Ironman prices

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Eu-Jin Goh pointed me to this Times article about the price of Ironman series events. It's certainly true that the Ironman series is expensive, and $525 for a race entry is a lot, but it's not really the major part of your costs. Let's say I decide to do Ironman Canada, the oldest of the non-Hawaii Ironmans. Assuming the entry fee is $525, my costs look like this:

Plane fare (SFO - YYF)$575
Bicycle surcharge$50-170
Hotel (4 nights)1$320
Rental car$150
Race entry$525

Plus, I've never been at a race where I didn't end up spending $50-$100 for assorted race-related expenses: spare bottles, tubes, energy bars, energy gels, sports drink, etc. Factor in airport parking and other misc. non-race expenses and we're looking at somewhere around $2K for the race, of which the entry fee is about 25%. And of course this is for a North American race with a cheap plane flight located in a relatively cheap town. If you want to do Ironman New Zealand (another popular race for North Americans, entries still available!), you're looking at a $1300+ plane ticket plus a few more nights in the hotel dealing with jet lag, for a total price more like $3K.

This isn't to say that monopoly rents aren't being collected—though it may not be the race directors collecting them. It may well be the case that running an Ironman race is more expensive than a non-Ironman race (because of the licensing fees you need to pay to the World Triathlon Corporation which owns the Ironman name), but that's just a transfer payment, so someone is getting the extra $200 or so you pay to enter Ironman Canada instead of Vineman. All I'm saying is that it's not too surprising people are willing to pay it, since the brand surcharge you're paying is a relatively small fraction of their overall costs.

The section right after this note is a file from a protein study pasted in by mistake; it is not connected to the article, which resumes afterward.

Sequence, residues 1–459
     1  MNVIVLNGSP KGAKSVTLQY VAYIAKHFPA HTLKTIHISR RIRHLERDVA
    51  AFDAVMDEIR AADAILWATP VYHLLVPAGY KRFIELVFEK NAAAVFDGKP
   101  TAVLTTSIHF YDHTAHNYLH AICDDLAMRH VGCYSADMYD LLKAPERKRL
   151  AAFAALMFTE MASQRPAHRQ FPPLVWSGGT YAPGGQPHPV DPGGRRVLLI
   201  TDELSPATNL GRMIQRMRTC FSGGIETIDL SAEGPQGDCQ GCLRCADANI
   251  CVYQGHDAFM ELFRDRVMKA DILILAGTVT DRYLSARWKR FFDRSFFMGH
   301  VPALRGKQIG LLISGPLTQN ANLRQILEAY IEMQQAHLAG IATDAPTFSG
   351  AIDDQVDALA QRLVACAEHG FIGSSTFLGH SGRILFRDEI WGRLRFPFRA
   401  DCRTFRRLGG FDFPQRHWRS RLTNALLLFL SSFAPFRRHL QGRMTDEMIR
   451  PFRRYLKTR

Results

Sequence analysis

1. You might ask why you need so many nights in the hotel. The race is first thing in the morning so you need to stay the night before. You're way too wiped out the second day to fly out, plus if you qualified for Kona you need to pick up your slot the next day. The other two days get there because you want to be fresh for the race (remember, you've been training for 6 months for this) and that's not that compatible with having just got off the plane the day before the race or even two days before. Much better to get there a few days early, rest up and see the course.


It's just insane the popularity of these races, in particular Lake Placid and IM Canada. I have done Lake Placid 5 times, and each time getting in the next year became more and more difficult. This year, they changed the process such that athletes signed up in the race had the option to sign up for the follow year BEFORE race day. The next in priority were volunteers at the race, followed by people physically in Lake Placid, and lastly, online. This year all the open slots sold-out onsite, so nothing ended up online. Before you know it, folks are going to be fighting tooth/nail for those volunteer slots. With this type of demand, they can call the shots on the price. It's all just crazy!!

Adam Uzelac

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